The connection between Beth and Ian led to squee-like moments that made me smile, in the dark, while fighting off sleep to finish this beautiful book.
Beth Ackerley is a widow who has suddenly, unexpectedly, become an heiress. All she wants to do is sit back and relax with her money, possibly with a new husband. In the process of trying to get a husband, she comes into contact with Lord Ian Mackenzie, the youngest of the Mackenzie brothers, a family notorious for the drama worthy of a modern soap opera. Lord Ian, in particular, is infamous for being “mad” and eccentric, having been previously locked up in a mental asylum for a perceived illness that in modern times would be a disability that can be dealt with. Lord Ian decides that she must be his and sets about it in his own way, and there the story unfolds.
I loved the drama of this story. At first glance, Lord Ian could be any suitor trying to woo a woman—if not for his unconventional bluntness and his trying to prove himself suitable without even knowing that is what he is doing. Both characters have angst-filled backgrounds that Jennifer Ashley uses to show us how their characters have come to be the way they are, and she is able to do it in a way that unfolds slowly and deliberately, without having to say so much. Their backgrounds are interspersed with the story and don’t just come in one big information dump in a chapter or two. This is one of the things I liked most about this novel—you got to know the characters as they were getting to know each other.
I really liked the hero and the heroine. Beth is not a wimp, by far, and she’s not naive, but she has a sense of vulnerability that Ashley shows well. Ian is aggressive, but not calculating, and while he is a bit strange, it doesn’t entirely put you off, whether you can guess his disability or not. His ability to try without knowing he’s trying is his most endearing quality. Their connection felt real and led to quite a few squee-like moments that made me smile, in the dark, while fighting off sleep to finish this beautiful book.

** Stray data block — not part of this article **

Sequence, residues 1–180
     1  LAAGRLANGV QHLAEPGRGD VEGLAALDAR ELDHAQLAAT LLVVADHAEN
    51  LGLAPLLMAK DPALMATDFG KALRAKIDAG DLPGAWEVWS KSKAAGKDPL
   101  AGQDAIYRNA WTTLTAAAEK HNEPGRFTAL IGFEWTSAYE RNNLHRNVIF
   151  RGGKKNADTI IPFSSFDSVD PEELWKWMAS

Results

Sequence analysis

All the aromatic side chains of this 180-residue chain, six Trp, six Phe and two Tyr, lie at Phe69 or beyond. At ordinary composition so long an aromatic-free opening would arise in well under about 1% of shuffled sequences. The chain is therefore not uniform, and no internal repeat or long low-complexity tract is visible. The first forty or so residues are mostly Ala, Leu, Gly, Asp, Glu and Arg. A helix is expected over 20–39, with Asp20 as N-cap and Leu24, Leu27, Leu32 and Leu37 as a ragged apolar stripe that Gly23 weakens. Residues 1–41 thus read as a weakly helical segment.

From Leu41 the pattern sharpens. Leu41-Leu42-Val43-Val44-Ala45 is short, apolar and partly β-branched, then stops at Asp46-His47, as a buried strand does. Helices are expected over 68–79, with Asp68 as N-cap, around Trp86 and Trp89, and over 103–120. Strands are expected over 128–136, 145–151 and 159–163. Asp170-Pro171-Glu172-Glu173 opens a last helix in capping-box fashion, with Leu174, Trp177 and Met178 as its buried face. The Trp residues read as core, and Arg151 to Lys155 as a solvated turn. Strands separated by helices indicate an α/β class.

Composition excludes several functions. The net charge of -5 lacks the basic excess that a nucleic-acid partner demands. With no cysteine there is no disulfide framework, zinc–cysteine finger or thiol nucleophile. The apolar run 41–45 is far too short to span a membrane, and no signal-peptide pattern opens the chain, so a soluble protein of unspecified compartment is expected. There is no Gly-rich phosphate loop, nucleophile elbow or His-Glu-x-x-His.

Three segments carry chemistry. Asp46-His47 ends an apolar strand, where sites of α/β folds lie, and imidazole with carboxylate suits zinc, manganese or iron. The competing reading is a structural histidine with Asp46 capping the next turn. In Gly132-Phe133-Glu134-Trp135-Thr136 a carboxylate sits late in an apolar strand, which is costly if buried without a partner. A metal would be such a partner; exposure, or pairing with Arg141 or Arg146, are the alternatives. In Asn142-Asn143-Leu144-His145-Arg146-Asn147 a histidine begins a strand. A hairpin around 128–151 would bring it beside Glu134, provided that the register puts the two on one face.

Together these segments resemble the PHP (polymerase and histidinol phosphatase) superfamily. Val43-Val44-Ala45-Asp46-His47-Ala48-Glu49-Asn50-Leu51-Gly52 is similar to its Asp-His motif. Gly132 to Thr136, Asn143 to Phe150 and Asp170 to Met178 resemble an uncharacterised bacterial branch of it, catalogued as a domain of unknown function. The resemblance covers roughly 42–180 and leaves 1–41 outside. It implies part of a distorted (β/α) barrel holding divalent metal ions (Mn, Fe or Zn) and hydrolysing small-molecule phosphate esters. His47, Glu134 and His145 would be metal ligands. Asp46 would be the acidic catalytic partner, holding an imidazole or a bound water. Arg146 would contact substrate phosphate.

The secondary characters are also excellent. From Ian’s 007-like butler (Side note: I have read so many novels where the butler is, like, kick-arse. Can I get a butler, too?) to his three brothers—who, thank god, will have their own novels, as they all have personalities that bear exploring—and his nephew, who sounds like he will grow up to be equally hawt, Ashley has created a group of characters that you want to barrack for and will keep you wanting more. (Damn, its another series on the auto-buy list.)
There was also a plot involving a murder, possibly connected to Ian or one of his brothers, but to be honest I was too wrapped up in the romantic relationship that I didn’t pay much attention and didn’t even try to guess who the killer was. (Which I usually do every time there’s a murder plot!) I had one little niggle about the “villain” though—he tied up too neatly with the story in the end, making me wonder if he will play a part in future stories in the series.
Yay or nay?
Ashley has done an excellent job of taking a conventional love story with unconventional characters and bringing them together. I would highly recommend this book as I was immediately taken from the first chapter, and the characters drew me in and made me fall in love with their story. The only real beef I have with it, I think, is the title. I’m not sure if madness is really the way to go when you’re trying to get someone to read your book—I’m talking to the publisher here, as I know a lot of authors don’t have a say in what the titles of their books are. Perhaps the next book will have a nicer title. I look forward to the next instalment!
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